According to the invention, a shaft encoder is used that measures not only incrementally the pivoting angle, but also recognizes the pivoting direction of the feeler pin. The zero position of the feeler pin is not defined by a mechanical zero stop, but rather is calculated and stored by means of a microcomputer or suitable logic modules (application specific integrated circuits [ASIC] etc.), starting from the desired angular value of the reference stop. Since no mechanical zero stop is present or necessary and since the shaft encoder determines not only the pivoting angle, but also the pivoting direction of the feeler pin, it is possible to pivot the feeler pin from the zero position to the right and to the left in both pivoting directions. Thus, two objects or two process areas can be monitored right and left from the zero position of the feeler pin by means of a single feeler pin.

Since the zero position is determined according to the software of the microcomputer, a mechanical zero stop is not approached during each scanning cycle, so that the lifespan of the device is significantly improved.

Since the zero position is determined by the software, the zero position can be freely selected. Thus, the device can be adapted very flexibly to suitable application problems. The zero position can be selected in such a manner that the pivoting angle of the feeler pin from the zero position to a stop at the object to be monitored is kept as small as possible, on the one hand, and can be chosen sufficiently large, on the other hand, to pivot the feeler pin reliably out of the working area during the work cycle. If two objects are monitored to the right and left of the zero position, the zero position between the two desired angular values can be fixed in such a manner that auxiliary periods for monitoring are minimal. If the two objects to be monitored are identical, for example, two tools of a machine tool, the zero position is fixed preferably symmetrically in the center between the two desired angular values, i.e. the positions of the two tools.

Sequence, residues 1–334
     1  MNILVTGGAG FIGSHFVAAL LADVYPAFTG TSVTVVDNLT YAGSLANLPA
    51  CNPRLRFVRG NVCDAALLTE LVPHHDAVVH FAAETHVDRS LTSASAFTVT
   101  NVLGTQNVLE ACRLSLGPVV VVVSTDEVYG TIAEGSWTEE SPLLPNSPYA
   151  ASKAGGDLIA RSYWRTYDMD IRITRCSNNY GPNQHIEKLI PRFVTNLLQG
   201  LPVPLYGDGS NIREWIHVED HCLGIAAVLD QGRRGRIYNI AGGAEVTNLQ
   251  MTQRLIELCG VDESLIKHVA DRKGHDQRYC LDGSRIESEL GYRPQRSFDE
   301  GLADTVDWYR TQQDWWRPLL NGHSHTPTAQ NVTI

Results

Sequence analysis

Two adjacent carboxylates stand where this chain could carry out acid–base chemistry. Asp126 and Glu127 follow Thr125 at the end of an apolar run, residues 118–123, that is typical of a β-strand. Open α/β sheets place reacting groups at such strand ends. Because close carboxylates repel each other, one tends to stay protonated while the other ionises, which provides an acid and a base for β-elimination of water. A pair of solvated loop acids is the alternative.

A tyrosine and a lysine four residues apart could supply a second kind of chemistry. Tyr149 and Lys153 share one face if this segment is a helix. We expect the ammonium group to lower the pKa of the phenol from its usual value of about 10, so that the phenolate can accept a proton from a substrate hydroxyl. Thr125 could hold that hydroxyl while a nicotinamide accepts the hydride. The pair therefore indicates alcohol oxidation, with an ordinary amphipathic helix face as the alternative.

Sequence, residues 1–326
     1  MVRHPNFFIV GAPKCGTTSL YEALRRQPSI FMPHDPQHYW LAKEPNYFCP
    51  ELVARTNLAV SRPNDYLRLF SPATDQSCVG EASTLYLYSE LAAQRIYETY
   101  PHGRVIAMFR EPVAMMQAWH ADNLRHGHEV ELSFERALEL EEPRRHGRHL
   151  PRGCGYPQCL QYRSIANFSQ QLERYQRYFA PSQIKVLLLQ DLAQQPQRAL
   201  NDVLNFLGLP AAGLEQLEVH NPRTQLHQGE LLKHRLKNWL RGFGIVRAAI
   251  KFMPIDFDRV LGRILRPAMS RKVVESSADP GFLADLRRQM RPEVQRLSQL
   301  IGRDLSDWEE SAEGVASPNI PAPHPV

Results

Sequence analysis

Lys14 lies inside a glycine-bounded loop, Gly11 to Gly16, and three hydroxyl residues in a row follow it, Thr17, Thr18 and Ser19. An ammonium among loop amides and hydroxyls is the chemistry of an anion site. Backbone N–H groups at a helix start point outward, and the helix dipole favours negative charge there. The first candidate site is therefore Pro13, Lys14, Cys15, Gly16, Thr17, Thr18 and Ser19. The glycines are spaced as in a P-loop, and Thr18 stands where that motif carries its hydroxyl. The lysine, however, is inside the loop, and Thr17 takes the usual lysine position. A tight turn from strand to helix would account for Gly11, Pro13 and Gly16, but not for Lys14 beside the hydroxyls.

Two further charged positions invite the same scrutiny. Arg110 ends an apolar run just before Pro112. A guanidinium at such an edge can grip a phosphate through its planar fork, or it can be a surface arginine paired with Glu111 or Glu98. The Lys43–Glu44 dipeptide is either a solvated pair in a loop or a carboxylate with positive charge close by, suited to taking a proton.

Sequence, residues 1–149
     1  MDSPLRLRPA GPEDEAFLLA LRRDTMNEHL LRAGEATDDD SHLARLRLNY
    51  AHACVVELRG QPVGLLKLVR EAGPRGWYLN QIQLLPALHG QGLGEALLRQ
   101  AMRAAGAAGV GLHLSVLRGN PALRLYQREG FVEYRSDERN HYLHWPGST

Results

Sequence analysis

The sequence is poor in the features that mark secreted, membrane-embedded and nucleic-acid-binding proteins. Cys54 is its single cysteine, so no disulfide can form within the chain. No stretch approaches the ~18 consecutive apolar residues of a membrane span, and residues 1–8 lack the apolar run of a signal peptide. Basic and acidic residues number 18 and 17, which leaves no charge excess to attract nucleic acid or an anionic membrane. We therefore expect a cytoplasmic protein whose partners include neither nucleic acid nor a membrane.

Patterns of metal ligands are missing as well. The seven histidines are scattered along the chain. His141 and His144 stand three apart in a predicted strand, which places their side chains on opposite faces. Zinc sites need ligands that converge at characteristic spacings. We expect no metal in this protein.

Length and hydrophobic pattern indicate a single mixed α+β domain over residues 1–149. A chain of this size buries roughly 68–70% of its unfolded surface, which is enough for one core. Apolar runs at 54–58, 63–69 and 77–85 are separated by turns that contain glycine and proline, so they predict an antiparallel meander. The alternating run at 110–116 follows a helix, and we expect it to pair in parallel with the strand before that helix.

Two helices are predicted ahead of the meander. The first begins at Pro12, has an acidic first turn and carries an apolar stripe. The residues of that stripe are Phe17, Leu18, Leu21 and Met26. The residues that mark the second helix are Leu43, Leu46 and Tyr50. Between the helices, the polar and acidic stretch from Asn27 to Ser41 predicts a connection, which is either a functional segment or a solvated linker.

The device enables the monitoring of an object in a predetermined angular position, e.g. a tool, or the monitoring of a process area with a predetermined angular range (free space monitoring). In addition, the recognition of the pivoting direction of the feeler pin by means of the shaft encoder also enables its employment for measuring angles, i.e. measuring the pivoting angle from the zero position to the position of an object in a variable angular position. To this end, a permanently installed reference stop is used that is approached in the teach-in cycle and establishes a starting position having an angular value of zero. The angle to the object can also be measured starting from this zero position.

BRIEF DESCRIPTION OF THE INVENTION

In the following the invention is explained in detail with reference to the embodiment shown in the attached drawings.

FIG. 1 is a perspective view of a partially cut away scanning head of the device; and

FIG. 2 is a block diagram of the entire device.

DESCRIPTION OF THE PREFERRED EMBODIMENT